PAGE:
The following article on the aims and purposes of the American Opera Company was written for the Crimson by Aaron Richmond, Boston manager of the organization.
The American Opera Company comes to Boston on November 26, at the Colonial Theatre, for a second season of classic opera in English. Under the auspices of the Massachusetts Association for the Promotion of the American Opera Company, of which Edward Burlingame Hill '94 of Harvard University is honorary chairman, this company is working toward a many-sided ideal, the popularization of English opera.
Russian by birth, staunchly American in spirit, and one of the best directors of opera to be found. Vladimir Rosing, director and originator of the Company, maintains, that the United States has an operatic message to give the world, as noble as that of Germany or Russia; but as in the case of other countries, it will never be given until American has opera, rendered in her own language. These classics in English are not written down to an uncultured public but upon an intellectual plane. Last year, during the first professional season of the Company. Mr. Rosing proved to the satisfaction of critics that English is as artistically singable as other languages in which great opera is written.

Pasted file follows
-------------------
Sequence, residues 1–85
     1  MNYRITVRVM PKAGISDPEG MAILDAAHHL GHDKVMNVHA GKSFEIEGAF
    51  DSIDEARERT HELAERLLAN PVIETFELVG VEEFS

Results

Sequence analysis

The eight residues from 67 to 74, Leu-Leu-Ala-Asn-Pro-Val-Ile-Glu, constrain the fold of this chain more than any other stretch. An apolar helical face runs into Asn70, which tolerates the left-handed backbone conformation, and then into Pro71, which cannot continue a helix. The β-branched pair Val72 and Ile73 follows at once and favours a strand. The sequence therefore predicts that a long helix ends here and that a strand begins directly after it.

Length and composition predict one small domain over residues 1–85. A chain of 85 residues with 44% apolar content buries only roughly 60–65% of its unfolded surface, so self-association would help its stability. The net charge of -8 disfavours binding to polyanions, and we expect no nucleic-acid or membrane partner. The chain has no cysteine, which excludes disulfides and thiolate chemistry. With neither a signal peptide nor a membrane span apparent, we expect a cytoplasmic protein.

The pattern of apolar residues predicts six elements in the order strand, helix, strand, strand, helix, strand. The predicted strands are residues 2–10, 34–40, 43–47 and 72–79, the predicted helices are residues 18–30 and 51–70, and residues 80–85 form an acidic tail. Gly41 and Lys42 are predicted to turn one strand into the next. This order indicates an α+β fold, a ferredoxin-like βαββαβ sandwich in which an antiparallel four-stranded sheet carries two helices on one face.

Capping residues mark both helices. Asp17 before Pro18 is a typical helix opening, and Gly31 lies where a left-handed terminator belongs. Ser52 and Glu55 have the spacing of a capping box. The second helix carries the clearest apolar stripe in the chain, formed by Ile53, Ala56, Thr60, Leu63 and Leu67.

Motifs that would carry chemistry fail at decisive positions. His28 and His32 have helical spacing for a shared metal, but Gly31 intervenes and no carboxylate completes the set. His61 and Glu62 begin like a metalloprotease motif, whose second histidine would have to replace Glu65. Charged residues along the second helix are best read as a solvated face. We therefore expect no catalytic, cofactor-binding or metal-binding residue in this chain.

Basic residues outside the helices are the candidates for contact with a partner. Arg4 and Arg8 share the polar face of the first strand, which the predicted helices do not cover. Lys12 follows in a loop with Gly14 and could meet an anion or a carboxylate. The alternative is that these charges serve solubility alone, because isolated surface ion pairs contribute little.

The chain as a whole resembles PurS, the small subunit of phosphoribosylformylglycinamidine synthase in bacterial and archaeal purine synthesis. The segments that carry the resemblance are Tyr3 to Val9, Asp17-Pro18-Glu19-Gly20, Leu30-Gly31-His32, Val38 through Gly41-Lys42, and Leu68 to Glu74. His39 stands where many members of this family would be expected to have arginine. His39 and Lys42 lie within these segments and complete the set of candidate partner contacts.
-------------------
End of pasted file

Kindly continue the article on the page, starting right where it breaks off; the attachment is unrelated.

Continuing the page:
Make it Economic Proposition
Making it an economic and civic proposition, and bringing it home to each individual, Mr. Rosing and the sponsors of the Company point to the millions of dollars spend by Americans each year on the musical education of children, and say that after they are educated, these young people have little opportunity to display their talents adequately. For, with few exceptions, the American artist has little honor in his own country. It is desired to establish the fact that American artists are as good as any, and that the United States can provide a training equal to that secured anywhere else.
Another ideal of the company is to popularize opera by giving it to the public at regular theatre prices. They contend that more people would attend opera if prices were not so exorbitant for the average purse.
Four Cities Are Visited
New York, chicago, Boston and Washington, the only cities to witness this unique group of Americans showing the new and modern type of "music drama," have been eulogistic in their praise of the new school of musical show which these singers give. The Americans treat opera as a "good show" and act and sing it as such, surrounding their own efforts with the most magnificent scenery ever sent out of New York City with any operatic group.
The operas to be given are--First week: Monday evening, November '26, Butterfly: Tuesday evening, November 27, Fausta: Wednesday matinee, November 28, Carmen: Wednesday evening, November 28, Figaro: Thursday evening, November 29, Martha; Friday evening, November 30, Faust; Saturday matinee, December 1, Butterfly: Saturday evening, December 1, Carmen.
Second week: Monday evening, December 3, Carmen; Tuesday evening, December 4, Butterfly; Wednesday matinee, December 5, Pagliacci and The Legend of the Piper: Wednesday evening, December 5, Faust, Thursday evening, December 6, Figaro; Friday eveing, December 7, Carmen; Saturday matinee, December 8, Faust; Saturday evening, December 8, Martha.